Any story that's designed to combine 'multiple narratives, simultaneously delivered through interactive experiences' will always catch my attention.
The Bookseller Children's Conference showed what a curate's egg the kids market has become.
Print is growing and sales of physical children's books are on course to record their biggest year ever through bookshop tills - thanks in large part to offshoots of digital phenomena such as Minecraft, and playground crazes such as loom-banding.
Meanwhile, the kids are increasingly active online, both in terms of their use of social media as well as access to tablets and mobile devices.
"Join the crowd" on Friday meant jumping in on our #FutureChat conversation with The FutureBook.net community about all things crowd-ish -- crowdfunding, crowdsourcing, a crowded season of releases and new ideas.
Even as I create this recap, an email has arrived offering "your very own piece of PeerIndex!" (Exclamation point theirs.) The London-based social analytics platform PiQ, the solicitation announces, is "crowdfunding the investment we need" -- a £500k goal with £411,720 already pledged, apparently, on a 10-percent equity offering.
Join us today (Friday) for a #FutureChat session with The Bookseller’s FutureBook.net community. Our topic, in part prompted by the news of Advance Editions here, is "crowds and power," as Elias Canetti might have had it. Crowd-sourcing, crowd-funding...how can these approaches play out in publishing? Have you used them? What were your results? Please jump in: We’ll be live on Twitter, at 4 p.m.
With all the pleasure any good teenager has in proving his elders wrong, the 16-to-24-year-old age group might seem at times to delight in confusing marketers.
And at Thursday's The Bookseller Children's Conference, in London, some of Luke Mitchell's comments to the audience will help sort out what may be behind that demographic's role in publishing's fastest-growing sector.
The conference hashtag is #kidsconf14 -- a good one to follow Thursday.
For a writer, it’s a seductive proposition: you are the authority on your subject, and all you need is the guidance of an experienced professional in London or New York to help hone your text; add in the services of a competent copy editor and your book will be perfect.
Join us Friday for a #FutureChat session with The Bookseller’s FutureBook community. We’ll be live on Twitter, at 4 p.m. London time, 11 a.m. New York time, 8 a.m. Los Angeles, 5 p.m. Berlin, 3 p.m. GMT.
If you walked into publishing right now and stopped one of us to ask, "What's the healthiest, happiest part of the business to get into?" -- the answer you well might get is "children's books!"
The exclamation point would be there, yes. They're a generally exuberant lot these days, the children's books folks.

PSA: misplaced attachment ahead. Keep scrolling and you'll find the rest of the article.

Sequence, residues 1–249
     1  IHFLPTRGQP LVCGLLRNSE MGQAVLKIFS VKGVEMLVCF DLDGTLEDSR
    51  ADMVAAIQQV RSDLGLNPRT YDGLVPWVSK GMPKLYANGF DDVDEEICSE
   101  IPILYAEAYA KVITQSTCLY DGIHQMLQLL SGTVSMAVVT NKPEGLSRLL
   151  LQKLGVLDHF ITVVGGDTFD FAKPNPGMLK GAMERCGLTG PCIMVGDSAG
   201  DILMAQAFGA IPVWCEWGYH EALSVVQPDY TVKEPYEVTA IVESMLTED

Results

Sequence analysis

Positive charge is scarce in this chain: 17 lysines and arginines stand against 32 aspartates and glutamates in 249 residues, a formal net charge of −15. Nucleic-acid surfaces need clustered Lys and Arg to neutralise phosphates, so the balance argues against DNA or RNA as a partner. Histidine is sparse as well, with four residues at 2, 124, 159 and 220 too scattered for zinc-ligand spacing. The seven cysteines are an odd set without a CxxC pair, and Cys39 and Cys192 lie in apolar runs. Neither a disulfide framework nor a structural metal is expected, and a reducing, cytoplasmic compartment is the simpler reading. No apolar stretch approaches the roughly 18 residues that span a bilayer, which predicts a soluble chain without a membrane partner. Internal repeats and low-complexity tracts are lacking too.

Pushback and pull forward...If there had been any doubt about the scepticism encountered around digital cookbooks, you could find some verification in The FutureBook.net community's #FutureChat on publishing innovation.
Alta Editions' Chris McBride, in our walkup to the #FutureChat, had spoken of how the cookbook sector has seemed to lag some other parts of the books industry in digital development.
"Your ignorance is stunning!"...That line got one of my Twitter followers muted recently. And she has stayed muted. And she will stay muted. I only regret that I have but one chance to mute her. Despite this follower's flattery -- I'd never speak of my own ignorance in such vaunted terms -- she is one author I will not deal with again.
She's a type of Twitter personality you may know, too.
Join The FutureBook community Friday in a live #FutureChat about innovation in publishing. Where do we see it? Where do we need it? We'll be on Twitter at 4 p.m. London time, 11 a.m. New York time, 8 a.m. Los Angeles, 5 p.m. Berlin, 3 p.m. GMT.
Do you remember the fall of the Berlin Wall? The inauguration of President Obama? The assassination of JFK?
Now in their fifth year, the FutureBook Innovation Awards are once again open for business.
The awards are The Bookseller’s annual opportunity to review and reward the changing face of digital publishing. Previous winners (see lists below) are a roll-call of industry-redefining stepping stones, from Faber’s 2010 best app, Solar System, to 2011’s best start-up, Unbound.
Nobody came forward to say we have too much books data. The fact that we cannot see the size and shape of the publishing industry today, however, strikes some as more problematic than others.
And shortly after The FutureBook.net community's #FutureChat on the problem of missing data, I was reminded once more of how many folks don't even realize that we're in the dark.
In the graphics for Reedsy, you sometimes spot "cattails," as we call them in the sea islands of South Carolina. Reeds.
Thus one can go into an interview here hoping that the cutesy name for this new company isn't a misspelling of "read."
Join us Friday on Twitter for our weekly #FutureChat, this week on data and the marketplace -- your input will be welcome: 4 p.m. London time, 11 a.m. New York time, 8 a.m. Los Angeles, 5 p.m. Berlin, 3 p.m. GMT.